Prior to 1904 and the National Child Labor Committee that was formed in the wake of the Industrial Revolution, there was no such thing as a period of adolescence. One was either a kid or on the payroll, with teenagers frequently punching in for 74-hour work weeks.
From Robert Baden-Powell’s boy scout manifesto that helped pave the way for Das Hitler Jugen, jerky, shell-shocked vets pointedly intercut with a flapping Ruby Keeler, and “Victory Girls” begetting bobbysoxers, Teenage charts a four-decade panacea of pop culture that culminates with the arrival of the first youth marketing boom that hit toward the tail-end of World War II.
Using punk author and co-scripter John Savage’s best-seller, Teenage: The Creation of Youth Culture, as a springboard, British filmmaker Matt Wolf combines period photographs, diary entries, educational propaganda, home movies, and last (and certainly least), dramatic re-creation to document the invention and subsequent rise of that time-honored consumer cash cow, the American teenager.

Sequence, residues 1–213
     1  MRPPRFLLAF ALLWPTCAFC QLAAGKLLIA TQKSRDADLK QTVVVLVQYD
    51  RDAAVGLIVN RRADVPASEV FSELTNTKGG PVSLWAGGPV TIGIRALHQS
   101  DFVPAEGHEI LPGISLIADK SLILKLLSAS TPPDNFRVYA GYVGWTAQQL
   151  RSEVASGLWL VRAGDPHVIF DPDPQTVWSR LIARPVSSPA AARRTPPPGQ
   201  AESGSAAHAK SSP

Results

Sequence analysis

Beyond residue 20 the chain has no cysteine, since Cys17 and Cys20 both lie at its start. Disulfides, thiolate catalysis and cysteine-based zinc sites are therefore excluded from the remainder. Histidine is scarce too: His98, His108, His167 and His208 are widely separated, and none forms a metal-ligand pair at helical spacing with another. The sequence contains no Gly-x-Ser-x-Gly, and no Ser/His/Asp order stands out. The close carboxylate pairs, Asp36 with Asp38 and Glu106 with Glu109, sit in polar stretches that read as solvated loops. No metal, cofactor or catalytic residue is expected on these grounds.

Lead researcher Rosemary Rotondi and her staff deserve equal billing for hours spent unspooling miles of archival footage that would eventually assist in earmarking the individual storylines. With four narrators to guide us (Jena Malone, Ben Wishaw, Julia Hummer, and Jessie Usher), the filmmakers should have quit at turning subjective quotes into dialog as a means of shaping a narrative.
If it can’t be done right, it shouldn’t be done at all. Wolf’s period mockups of various real-life personas are no match for the truth. It’s bad enough that the majority of the footage is presented in the wrong aspect ratio to accommodate the forgeries. No matter how many artfully arranged flash frames, sun flares, digitally induced emulsion scratches, and forged jumps in the gate that come our way, the film stocks unfailingly refuse to mesh, leaving not one convincingly seamless cut from old footage to new and back again in the entire piece.
With as many as 100 archives to pick through — and only 78 minutes to fill — this reliance on actors for docudrama portraits occasionally casts a clinical net over the proceedings, something that Julien Temple’s ebullient found-footage celebration, London — The Modern Babylon, worked around with the greatest of ease.
In this case, content outweighs form and the lessons on display in this captivating adult look back at an eruption of youth make it a must-see for parents of kids who think their generation cooked up teen angst.